“We forced the President to set benchmarks for legislative and political progress and required regular reports on whether those benchmarks were being met – which have shown that the surge has failed to reach its main objective as set forth by the President: political reconciliation. We compelled General Petraeus to testify – and he has said repeatedly that the war cannot be won militarily and must be won politically. And we brought to light the Blackwater controversy and have begun to untangle the web of massive financial mismanagement in Iraq that has cost American taxpayers dearly.
“Do I feel that enough has been done? Of course not. Too many Republican Senators continue to fall in lockstep with President Bush on the war. I can’t begin to tell you how frustrating this is for me and for all of us who so desperately want to change course. And the Iraq war has not been the only source of frustration. Bush-Cheney Republicans have set an all-time record for obstruction. They have almost made a sport of it.
“If my Republican colleagues had reached across the aisle to work with us more often – as we have tried to do with them – they would have found us willing and eager to find more common ground. It is my goal for the coming year to redouble our efforts to do just that. I hope my Republican colleagues will join us.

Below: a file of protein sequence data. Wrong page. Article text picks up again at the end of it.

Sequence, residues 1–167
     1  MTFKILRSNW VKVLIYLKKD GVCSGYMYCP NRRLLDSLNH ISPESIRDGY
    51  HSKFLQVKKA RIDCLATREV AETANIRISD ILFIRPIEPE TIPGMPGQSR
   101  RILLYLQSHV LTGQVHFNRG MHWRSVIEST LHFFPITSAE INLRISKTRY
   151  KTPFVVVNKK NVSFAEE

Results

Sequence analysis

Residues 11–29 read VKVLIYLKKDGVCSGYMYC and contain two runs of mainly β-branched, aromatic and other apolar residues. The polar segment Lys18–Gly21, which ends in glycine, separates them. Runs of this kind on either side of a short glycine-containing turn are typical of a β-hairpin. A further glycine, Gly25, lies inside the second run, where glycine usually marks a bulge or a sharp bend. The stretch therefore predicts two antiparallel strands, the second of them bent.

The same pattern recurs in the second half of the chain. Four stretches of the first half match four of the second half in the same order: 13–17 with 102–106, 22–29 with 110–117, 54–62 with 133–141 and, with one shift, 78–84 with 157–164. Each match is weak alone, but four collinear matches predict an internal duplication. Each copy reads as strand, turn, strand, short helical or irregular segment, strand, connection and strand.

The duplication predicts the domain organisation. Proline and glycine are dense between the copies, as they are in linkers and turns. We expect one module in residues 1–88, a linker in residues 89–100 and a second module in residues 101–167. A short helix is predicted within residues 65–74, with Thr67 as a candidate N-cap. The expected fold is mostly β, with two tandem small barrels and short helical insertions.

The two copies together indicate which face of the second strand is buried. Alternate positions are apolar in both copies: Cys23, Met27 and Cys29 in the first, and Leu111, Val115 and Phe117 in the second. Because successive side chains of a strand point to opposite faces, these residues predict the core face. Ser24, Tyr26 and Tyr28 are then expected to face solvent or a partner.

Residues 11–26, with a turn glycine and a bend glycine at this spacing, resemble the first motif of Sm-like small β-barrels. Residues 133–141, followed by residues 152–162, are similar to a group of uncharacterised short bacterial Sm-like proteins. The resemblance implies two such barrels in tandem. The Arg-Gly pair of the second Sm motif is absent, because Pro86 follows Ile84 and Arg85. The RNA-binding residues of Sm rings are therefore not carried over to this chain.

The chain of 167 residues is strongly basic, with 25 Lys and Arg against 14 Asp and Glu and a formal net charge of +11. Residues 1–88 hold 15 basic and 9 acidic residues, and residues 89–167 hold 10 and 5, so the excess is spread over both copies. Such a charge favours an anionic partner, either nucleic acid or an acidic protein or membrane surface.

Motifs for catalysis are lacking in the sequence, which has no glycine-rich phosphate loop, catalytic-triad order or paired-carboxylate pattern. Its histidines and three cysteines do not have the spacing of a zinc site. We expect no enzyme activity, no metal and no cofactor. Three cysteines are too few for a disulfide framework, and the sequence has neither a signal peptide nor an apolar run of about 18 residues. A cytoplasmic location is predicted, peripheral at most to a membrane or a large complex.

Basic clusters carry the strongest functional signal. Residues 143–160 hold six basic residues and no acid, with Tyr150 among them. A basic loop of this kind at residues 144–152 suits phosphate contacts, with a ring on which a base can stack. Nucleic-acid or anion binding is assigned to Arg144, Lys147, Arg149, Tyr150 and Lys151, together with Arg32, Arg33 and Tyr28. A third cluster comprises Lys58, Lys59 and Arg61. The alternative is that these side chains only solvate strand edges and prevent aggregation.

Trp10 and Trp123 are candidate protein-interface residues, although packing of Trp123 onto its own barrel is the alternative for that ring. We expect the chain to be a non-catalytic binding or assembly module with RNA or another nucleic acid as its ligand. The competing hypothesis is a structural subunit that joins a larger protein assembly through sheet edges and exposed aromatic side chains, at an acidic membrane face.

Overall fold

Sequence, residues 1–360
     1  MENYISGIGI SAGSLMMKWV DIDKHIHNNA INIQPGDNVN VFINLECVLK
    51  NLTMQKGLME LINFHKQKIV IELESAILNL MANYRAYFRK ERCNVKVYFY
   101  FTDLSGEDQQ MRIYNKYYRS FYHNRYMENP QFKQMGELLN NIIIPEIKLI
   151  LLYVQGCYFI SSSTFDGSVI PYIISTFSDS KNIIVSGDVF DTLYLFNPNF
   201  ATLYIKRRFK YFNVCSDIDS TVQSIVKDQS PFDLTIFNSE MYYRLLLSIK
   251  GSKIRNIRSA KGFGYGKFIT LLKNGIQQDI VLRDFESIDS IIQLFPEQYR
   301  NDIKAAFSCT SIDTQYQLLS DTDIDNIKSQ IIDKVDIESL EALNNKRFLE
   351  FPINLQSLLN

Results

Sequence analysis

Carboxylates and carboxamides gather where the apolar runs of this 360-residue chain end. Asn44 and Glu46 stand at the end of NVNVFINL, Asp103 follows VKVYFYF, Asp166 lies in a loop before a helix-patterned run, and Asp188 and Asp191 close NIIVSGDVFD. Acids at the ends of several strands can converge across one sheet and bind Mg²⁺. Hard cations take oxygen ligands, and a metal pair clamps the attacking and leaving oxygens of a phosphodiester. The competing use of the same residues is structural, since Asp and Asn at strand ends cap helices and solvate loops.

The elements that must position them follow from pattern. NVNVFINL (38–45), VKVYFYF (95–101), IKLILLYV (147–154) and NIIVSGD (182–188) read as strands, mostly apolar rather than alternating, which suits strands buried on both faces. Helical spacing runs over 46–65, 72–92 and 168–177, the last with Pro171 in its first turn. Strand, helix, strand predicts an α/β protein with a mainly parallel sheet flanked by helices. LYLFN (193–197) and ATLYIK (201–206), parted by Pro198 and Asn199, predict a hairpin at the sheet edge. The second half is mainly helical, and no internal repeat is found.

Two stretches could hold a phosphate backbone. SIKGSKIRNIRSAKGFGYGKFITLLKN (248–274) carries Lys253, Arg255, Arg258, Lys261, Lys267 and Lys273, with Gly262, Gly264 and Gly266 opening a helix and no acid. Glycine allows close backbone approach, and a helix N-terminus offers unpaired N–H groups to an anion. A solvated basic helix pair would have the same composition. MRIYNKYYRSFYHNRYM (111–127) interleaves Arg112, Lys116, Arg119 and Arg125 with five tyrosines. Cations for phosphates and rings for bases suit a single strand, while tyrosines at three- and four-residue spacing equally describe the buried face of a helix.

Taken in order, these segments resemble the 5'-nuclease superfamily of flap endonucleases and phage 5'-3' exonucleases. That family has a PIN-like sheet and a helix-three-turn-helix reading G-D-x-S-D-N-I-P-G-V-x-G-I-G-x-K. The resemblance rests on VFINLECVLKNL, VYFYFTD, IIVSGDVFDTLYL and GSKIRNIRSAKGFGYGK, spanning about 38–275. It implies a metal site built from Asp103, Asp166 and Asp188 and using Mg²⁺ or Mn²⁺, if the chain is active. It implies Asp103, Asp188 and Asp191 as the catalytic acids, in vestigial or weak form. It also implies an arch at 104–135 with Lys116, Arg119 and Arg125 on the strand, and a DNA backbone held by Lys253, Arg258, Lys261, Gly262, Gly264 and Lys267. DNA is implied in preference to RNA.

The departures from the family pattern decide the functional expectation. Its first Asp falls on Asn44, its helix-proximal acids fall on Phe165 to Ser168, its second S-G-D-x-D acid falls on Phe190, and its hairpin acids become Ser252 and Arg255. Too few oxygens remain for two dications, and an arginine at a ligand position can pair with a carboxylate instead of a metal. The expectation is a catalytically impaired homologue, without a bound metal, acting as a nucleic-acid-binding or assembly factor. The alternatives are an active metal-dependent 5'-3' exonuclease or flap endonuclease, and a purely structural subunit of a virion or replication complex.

“But I believe this year’s session will be remembered more for progress than setbacks. Yesterday, Senator McConnell said, “We have come to a very successful conclusion of this year’s Congress.” I agree, and thank my Republican counterpart for those words.
“We have gone through some difficult times this year. Perhaps that is an understatement. Senator McConnell and I have criticized each other at times – never personally, but on politics – and that’s how it is supposed to be. But Senator McConnell has been at all times a gentleman, and I have done my best to reciprocate.
“I also want to thank my Democratic colleagues for entrusting me with the office of Majority Leader. I will continue next year to do the best job I possibly can. I wish all my colleagues and all Americans a holiday season of joy, health and happiness. My thoughts and prayers are with our courageous men and women serving overseas, and with the families that await their safe return. I know that all 100 of us share those sentiments. I look forward to returning here in January, optimistic that we will continue fulfilling the needs of the American people.”